4K (4096 x 2160), 30p, Motion JPEG
Download Original (1.77GB MOV)

Testing out the 5D Mark IV's Dual-Pixel Raw features

We've already described the Dual-Pixel Raw feature of the 5D Mark IV in depth, so I won't go into the technical aspects of how it works. To test it, I shot a still life subject in the garden behind my apartment building. Using the same image, we're showing all three Dual-Pixel Raw adjustments at their maximum setting here.

24-70mm f/2.8L II: 50mm, f/2.8, 1/160s, ISO 400, -0.3EV
(Click here to download the Raw file.)

This 100% crop example from the above image demonstrates the extent of the Image Microadjustment range using Dual Pixel Raw.

Honestly, I don't see myself ever using Dual-Pixel Raw much in real life. I can't see any practical benefit to either the Image Microadjustment (i.e. focus), as shown above, which has a very small effect, or Bokeh Shift tools, but maybe that's a failure of imagination on my part. I also can't personally think of any time that I would use the Ghosting Reduction, but it occurred to me that for some rare technical or forensic purposes, it might help in the identification of out-of-focus details. Whatever the case, using Dual-Pixel Raw requires you to set the camera beforehand to capture the raw images in dual pixel mode, and the resulting files are almost twice as large as a standard raw image, so the feature is not cost-free.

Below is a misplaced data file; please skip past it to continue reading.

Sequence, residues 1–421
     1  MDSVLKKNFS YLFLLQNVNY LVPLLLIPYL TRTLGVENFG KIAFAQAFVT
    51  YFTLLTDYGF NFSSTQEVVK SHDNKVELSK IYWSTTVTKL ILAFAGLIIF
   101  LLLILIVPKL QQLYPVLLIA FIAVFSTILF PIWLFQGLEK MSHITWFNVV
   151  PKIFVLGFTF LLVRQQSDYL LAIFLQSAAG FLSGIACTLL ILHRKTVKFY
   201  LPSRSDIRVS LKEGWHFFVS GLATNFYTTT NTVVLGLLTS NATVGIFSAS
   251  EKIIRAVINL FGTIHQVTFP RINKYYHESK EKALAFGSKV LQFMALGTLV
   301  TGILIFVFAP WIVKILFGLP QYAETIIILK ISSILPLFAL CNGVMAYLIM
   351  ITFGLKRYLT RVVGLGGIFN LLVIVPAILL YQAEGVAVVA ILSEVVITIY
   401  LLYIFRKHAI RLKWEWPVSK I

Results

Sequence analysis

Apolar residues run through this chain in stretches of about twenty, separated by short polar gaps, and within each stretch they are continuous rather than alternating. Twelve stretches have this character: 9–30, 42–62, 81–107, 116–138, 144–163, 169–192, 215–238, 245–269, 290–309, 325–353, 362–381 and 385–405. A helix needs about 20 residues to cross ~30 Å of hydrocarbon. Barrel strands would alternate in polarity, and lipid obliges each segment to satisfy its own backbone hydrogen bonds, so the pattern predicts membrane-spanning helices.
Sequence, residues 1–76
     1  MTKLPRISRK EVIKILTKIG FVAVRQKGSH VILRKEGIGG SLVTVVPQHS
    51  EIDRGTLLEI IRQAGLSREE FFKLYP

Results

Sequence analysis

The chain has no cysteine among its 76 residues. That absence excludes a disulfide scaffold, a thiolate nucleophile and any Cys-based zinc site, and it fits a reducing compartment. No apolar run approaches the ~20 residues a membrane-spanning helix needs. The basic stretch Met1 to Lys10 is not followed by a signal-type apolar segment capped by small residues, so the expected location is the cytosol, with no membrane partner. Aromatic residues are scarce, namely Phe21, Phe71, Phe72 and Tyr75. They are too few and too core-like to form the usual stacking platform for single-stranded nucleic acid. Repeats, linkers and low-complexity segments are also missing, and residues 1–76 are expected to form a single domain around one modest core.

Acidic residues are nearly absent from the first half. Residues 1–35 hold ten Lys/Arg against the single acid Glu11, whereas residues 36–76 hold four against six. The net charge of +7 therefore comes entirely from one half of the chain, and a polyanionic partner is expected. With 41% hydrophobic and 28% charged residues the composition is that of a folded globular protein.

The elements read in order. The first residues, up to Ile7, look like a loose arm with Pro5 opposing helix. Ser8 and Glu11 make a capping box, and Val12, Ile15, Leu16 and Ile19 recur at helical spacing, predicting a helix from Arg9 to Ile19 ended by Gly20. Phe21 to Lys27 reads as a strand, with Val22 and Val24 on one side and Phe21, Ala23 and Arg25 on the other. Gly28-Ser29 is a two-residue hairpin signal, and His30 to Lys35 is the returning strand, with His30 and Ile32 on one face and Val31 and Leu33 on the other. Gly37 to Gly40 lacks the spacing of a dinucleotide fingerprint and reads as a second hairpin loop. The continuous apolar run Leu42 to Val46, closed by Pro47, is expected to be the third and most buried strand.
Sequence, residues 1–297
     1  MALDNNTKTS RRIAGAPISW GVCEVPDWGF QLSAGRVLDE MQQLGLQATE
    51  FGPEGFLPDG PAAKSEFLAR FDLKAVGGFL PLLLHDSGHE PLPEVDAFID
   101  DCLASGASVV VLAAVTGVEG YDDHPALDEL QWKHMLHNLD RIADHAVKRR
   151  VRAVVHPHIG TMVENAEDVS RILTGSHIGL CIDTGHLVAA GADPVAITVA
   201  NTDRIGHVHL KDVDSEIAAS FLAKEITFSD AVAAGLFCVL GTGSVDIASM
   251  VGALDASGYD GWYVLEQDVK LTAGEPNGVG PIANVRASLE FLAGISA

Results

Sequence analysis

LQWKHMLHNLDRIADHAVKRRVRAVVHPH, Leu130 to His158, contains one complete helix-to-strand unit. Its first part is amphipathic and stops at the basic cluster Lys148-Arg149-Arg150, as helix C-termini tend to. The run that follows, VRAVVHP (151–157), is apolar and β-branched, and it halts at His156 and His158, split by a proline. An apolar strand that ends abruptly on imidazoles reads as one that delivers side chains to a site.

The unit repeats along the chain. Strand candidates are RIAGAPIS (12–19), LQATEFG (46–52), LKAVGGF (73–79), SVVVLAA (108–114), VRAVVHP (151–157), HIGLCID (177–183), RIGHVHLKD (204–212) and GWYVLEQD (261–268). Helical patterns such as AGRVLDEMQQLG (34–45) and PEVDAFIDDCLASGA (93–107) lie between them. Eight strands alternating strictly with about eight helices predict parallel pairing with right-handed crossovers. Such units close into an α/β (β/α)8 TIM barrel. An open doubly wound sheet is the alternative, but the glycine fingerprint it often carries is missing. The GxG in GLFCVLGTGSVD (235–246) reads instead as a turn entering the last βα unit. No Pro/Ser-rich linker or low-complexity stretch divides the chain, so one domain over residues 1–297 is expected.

Dual Pixel Raw: Bokeh Shift example

Dual Pixel Raw: Ghosting Reduction example
Versatility is the name of this camera's game

So what's my main impression after shooting for a few weeks with this 5D Mark IV? More than anything else, it's the sheer versatility of this camera, with its high resolution and image quality, extensive feature set, and top-notch autofocus and overall performance. It's hard to think of anything I couldn't shoot with it -- the 5D Mark IV just does the job, no fuss, no muss.